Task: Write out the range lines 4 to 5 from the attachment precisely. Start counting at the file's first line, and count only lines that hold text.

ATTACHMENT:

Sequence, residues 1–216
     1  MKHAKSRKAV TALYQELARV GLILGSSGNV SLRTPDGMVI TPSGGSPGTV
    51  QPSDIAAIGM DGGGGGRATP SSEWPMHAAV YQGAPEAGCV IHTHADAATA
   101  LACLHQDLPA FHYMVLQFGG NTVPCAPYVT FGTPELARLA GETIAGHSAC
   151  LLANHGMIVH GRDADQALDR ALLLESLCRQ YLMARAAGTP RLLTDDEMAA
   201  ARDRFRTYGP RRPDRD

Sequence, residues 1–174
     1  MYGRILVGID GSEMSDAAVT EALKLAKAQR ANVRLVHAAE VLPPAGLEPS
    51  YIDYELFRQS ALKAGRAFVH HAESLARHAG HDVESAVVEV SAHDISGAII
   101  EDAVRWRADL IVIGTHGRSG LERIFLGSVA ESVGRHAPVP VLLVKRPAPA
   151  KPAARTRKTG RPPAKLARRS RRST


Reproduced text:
   101  LACLHQDLPA FHYMVLQFGG NTVPCAPYVT FGTPELARLA GETIAGHSAC
   151  LLANHGMIVH GRDADQALDR ALLLESLCRQ YLMARAAGTP RLLTDDEMAA